Bethlehem, the second espionage thriller about the Israeli/Palestinian conflict released in 2014, is as gripping and layered as Hany Abu-Assad’s Omar. Interestingly, both films were their respective county’s office submission for the 2013 Oscars (Bethlehem from Israel and Omar from Palestine--though only Omar was nominated by the Academy). While Omar is the more accomplished film in terms of its directorial style and lead performance, Bethlehem, from first time writer/director Yuval Adler, features a more nuanced screenplay and solid performances from its mostly non-professionals cast. Adler and co-writer Ali Waked spent years researching and developing this project, basing much of the narrative on actual events and drawing on extensive interviews conducted, both with operatives from Israel’s Shin Bet and Palestinian militants from Hamas and the Al-Aqsa Martyrs' Brigades. The resulting film is every bit as even-handed as Omar, painting rich, multifaceted characters on both sides of the conflict. Of course it may not be all that difficult to be “fair and balanced” when working in the realistic, contemporary spy genre since the best films of this kind depict both sides as engaged in futile activities and will ultimately come to no good. Yet this never prevents us from connecting with the film’s characters because their exploits are inherently dramatic and exciting. Plus we know too well that stories like these happen all the time in this high-tension region.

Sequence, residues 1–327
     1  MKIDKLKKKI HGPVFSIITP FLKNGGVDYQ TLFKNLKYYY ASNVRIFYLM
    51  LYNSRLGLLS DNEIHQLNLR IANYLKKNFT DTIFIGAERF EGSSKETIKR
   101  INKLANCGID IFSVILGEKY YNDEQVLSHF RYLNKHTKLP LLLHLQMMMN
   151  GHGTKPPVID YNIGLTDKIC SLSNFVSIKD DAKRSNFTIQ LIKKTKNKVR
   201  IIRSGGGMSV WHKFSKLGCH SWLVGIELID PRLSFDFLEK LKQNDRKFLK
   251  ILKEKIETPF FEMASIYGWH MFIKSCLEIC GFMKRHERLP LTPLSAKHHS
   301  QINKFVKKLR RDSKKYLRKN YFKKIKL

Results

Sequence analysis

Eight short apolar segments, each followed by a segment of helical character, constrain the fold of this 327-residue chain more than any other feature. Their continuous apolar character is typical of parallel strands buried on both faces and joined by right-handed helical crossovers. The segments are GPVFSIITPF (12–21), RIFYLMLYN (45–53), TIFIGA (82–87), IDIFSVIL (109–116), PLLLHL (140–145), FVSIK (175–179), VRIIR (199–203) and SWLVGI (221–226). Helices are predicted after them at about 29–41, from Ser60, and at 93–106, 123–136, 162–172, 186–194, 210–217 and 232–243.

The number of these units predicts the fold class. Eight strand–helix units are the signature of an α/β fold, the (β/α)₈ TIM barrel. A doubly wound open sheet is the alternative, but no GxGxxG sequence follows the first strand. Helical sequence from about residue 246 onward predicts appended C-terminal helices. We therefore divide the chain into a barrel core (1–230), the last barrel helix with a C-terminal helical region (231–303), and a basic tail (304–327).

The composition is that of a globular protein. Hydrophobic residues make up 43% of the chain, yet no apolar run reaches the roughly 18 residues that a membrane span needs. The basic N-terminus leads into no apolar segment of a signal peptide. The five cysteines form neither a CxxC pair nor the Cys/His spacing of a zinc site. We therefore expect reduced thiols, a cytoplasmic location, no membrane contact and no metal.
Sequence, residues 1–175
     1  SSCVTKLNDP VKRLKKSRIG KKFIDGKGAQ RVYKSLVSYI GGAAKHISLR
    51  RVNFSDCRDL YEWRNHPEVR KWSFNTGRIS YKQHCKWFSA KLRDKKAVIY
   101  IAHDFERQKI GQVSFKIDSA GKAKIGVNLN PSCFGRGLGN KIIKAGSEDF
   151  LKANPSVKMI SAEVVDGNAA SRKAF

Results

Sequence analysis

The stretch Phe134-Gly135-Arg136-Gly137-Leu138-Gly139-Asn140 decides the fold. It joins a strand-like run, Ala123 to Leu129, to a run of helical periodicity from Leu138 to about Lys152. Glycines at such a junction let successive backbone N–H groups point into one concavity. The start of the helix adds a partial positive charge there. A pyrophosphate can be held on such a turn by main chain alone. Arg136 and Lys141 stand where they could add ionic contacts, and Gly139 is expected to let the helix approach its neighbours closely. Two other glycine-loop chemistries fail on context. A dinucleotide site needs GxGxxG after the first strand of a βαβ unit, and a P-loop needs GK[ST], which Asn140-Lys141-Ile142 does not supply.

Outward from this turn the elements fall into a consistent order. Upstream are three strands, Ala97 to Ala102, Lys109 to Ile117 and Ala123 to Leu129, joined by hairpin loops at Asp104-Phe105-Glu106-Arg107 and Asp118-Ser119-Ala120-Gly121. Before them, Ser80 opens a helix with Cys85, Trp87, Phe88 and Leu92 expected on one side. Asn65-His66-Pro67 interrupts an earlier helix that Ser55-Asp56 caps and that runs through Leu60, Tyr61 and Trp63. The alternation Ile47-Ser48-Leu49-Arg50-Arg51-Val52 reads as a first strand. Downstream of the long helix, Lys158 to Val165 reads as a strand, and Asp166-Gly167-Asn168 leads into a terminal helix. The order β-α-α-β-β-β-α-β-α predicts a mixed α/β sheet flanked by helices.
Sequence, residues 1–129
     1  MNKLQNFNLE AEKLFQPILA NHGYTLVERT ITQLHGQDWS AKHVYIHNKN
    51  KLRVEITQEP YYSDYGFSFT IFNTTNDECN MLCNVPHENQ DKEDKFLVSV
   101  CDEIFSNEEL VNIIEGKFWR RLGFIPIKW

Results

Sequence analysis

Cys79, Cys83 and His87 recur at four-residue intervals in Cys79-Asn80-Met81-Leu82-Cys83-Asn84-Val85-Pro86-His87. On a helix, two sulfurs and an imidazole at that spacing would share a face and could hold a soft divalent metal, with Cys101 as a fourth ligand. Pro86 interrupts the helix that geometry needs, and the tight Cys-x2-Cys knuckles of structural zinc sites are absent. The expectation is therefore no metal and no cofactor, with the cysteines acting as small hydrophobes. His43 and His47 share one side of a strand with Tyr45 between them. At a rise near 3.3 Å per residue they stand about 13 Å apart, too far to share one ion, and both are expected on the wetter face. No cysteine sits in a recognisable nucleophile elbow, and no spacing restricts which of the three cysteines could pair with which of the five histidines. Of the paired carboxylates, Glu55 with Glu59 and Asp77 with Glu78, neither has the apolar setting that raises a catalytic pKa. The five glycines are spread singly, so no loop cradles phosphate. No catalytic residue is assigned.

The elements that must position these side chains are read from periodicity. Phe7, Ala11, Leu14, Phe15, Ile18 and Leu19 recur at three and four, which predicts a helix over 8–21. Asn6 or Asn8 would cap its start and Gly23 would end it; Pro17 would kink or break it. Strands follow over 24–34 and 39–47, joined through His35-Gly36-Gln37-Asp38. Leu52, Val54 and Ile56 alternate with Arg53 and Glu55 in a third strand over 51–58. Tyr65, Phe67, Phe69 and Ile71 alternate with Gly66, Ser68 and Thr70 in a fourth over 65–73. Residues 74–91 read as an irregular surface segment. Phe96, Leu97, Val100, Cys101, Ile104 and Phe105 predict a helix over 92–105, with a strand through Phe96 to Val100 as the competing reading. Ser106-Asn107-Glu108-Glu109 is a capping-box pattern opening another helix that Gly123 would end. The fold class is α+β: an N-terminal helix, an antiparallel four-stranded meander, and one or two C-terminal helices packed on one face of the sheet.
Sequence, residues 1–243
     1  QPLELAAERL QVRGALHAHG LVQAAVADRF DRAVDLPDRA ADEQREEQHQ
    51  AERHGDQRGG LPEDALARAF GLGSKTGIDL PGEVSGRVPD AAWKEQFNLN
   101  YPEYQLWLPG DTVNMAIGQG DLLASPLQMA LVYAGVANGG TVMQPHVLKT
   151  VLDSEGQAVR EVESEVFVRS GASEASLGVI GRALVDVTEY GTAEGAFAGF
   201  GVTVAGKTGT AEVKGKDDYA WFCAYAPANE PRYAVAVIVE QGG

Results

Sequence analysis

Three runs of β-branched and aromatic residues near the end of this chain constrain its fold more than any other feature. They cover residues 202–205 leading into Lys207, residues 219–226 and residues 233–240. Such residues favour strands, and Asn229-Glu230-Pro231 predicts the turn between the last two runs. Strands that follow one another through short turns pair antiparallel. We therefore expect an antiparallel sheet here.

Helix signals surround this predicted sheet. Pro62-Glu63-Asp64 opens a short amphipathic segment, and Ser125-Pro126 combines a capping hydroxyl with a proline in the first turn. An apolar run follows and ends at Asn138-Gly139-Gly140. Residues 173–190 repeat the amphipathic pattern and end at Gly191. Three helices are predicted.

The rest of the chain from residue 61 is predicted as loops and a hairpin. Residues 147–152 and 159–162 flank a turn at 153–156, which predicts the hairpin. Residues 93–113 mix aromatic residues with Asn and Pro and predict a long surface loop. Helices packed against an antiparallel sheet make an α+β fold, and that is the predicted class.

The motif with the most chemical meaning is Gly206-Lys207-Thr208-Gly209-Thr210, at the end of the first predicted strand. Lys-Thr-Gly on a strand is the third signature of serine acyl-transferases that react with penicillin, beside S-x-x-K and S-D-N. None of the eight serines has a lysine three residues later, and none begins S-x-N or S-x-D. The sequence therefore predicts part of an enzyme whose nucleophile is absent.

Directed by Yuval Adler
Produced by Diana Elbaum, Talia Kleinhendler, Sébastien Delloye, Sonja Ewers, Osnat Handelsman-Keren, and Steve Hudson

Written by Yuval Adler and Ali Wakad

With: Tsahi Halevi, Shadi Mar'i, Hitham Omari, Michal Shtamler, Tarik Kopty, George Iskandar, Yossi Eini, Dudu Niv, Karem Shakur, Efrat Shnap, and Slmnham

Cinematography: Yaron Scharf
Editing: Ron Omer
Music: Yishai Adar

Runtime: 99 min
Release Date: 26 September 2013